They say if you want to see God laugh, show him your plans. So when I got pregnant with my first son and planned for an all natural birth, I knew God was laughing when I ended up with a C-section. Just what I needed to teach me a lesson in humility and healing.
So with baby number 2, when I got my successful VBAC I was thrilled and thought that everything would be a breeze there after. What I didn’t take into account, was that I would have problems with breast-feeding, which had gone so easily with my first son. I thought that I was savvy. I knew my way around a boob and a baby and thought I could avoid the “greedy” formula companies. Breast-feeding was just a matter of determination, I thought. Whats that? You can hear God laughing at me too?
The first sign that something was wrong was that Pierce was constantly fussy but I just dismissed it as a growth spurt. The sore nipples? I could handle that, it was probably just from the constant nursing. Give him a bottle of formula? NEVER!! That could sabotage my supply!
It wasn’t until I went in for his one-month appointment that I had to face the truth that breastfeeding wasn’t going as well as I had hoped. The pediatrician coldly pointed out to me that Pierce had not gained enough weight and that I needed to start supplementing and see a lactation consultant ASAP. I felt like a failure.
I had been under a lot of stress (not baby related) on top of everything else and thought that I was the one ruining my milk supply. Luckily, I met with Sarah, an awesome Lactation Consultant, who was warm and understanding, unlike the cold pediatrician. Sarah helped me create a plan for supplementing and pumping that would help Pierce gain weight and help me get my supply back up. The plan made me feel in control and although it was hard to give baby Pierce his first formula supplement, I knew it was what he needed.
After Pierce had gained some weight, Sarah suggested that he might have a lip and tongue tie. She told me that most babies that come in with a failure to thrive usually do have a tongue tie and that his latch looked pretty shallow. That was news to me, he had been checked by other lactation consultants before and no one had ever told me he had a tongue tie. That night I read up on lip and tongue ties and realized that Pierce had many of the symptoms. I was relieved to have a source of the breastfeeding difficulties, but upset that I was figuring it out so late in the game.
Tongue and lip ties affect the way babies latch on to the breast. This can makes them inefficient feeders. And since the amount of milk production is based on demand, mom’s milk supply often drops, leading to a hungry, fussy baby.
Sarah gave me a referral to a well known ENT to have the tongue tie resolved. I looked forward to that day like it was Christmas. The procedure itself was not too bad: just a little snip with some scissors and a little crying. Pierce’s latch was a little better, but it wasn’t the miracle cure I was hoping for. Breastfeeding was still painful and Pierce still wasn’t getting enough. I had a feeling there was still a problem
I went back to see Sarah and she suggested that we get the tongue tie re-clipped. She also thought that he had a lip tie, which she had told me before, but the ENT said he would wait to check it out at the follow-up. She told me it was pretty common to have to re-do the procedure either because the doctor was conservative or because scar tissue had built up.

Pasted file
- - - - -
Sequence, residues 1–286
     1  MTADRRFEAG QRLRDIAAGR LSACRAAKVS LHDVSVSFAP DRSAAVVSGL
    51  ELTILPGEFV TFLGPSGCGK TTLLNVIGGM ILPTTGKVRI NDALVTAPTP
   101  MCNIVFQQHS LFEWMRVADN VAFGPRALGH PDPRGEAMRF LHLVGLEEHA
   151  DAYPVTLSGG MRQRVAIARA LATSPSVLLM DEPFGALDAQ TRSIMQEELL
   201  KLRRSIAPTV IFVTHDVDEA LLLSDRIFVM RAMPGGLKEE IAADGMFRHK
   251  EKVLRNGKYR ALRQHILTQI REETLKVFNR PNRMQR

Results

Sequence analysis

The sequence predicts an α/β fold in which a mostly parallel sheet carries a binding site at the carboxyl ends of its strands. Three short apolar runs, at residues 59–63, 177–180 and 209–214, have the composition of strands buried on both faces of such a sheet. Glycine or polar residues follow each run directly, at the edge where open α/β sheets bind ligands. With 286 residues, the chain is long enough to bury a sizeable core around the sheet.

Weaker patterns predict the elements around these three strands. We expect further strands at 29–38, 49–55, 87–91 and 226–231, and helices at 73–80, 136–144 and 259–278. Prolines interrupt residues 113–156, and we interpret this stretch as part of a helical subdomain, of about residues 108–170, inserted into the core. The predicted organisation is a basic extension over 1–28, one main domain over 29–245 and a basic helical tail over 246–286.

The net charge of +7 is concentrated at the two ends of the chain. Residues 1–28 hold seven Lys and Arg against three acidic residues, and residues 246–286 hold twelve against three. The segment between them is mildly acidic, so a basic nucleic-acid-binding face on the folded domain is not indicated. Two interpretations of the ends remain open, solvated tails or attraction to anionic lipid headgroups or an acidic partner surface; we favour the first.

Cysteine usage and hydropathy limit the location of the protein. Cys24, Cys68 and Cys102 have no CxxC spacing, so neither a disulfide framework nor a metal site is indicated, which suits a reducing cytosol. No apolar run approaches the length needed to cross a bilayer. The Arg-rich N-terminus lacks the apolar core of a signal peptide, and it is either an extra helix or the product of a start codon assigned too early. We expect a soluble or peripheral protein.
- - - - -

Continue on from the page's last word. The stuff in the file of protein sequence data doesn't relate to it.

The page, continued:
For the second surgery, I chose to go to Dr. Robert Marcus, a dentist out of Reisterstown, MD. He was recommended to me by several people I trust and he uses a laser, which makes a cleaner cut than the scissors. He was also trained to do the procedure by the person who invented it (or at least that’s what my sister told me). Dr. Marcus was cool, very Baltimore, and his office was unpretentious with lots of Disney memorabilia. This time the procedure took a little longer and there was a lot more crying (mostly for the lip tie). As a mom, its very hard to watch your little one in pain. Pierce wanted to nurse right after the surgery but I guess his mouth was still numb because he couldn’t quite figure it out. That stressed me out, but Dr. Marcus told me that was normal. He also gave me more detailed information on how and how often to do the tongue and lip stretches to prevent the build-up of scar tissue. Overall, it was a way better experience than going to the ENT.
It has been about 2 weeks since we had the tongue and lip tie done and Pierce is feeding a lot better. Nursing him is no longer painful and he is more satisfied after feedings, which means he is getting more milk! Although my supply has improved with pumping and with his better latch, I still need to supplement him with about 6oz of formula each day.
Although breastfeeding has not gone so well this time around, I am grateful. These struggles help me to empathize with other moms who have faced similar problems. They also allowed me to relax a little bit about giving Pierce a bottle of formula, since there was no other choice. I remember always stressing and being anxious about making enough milk for my older son, Cyrus, this time I can be a little more laid back. I am also just grateful that, with Sarah’s help, I am able to continue breastfeeding in some capacity and that Pierce is now healthy and thriving!
Did you breastfeed your babies? What challenges did you face?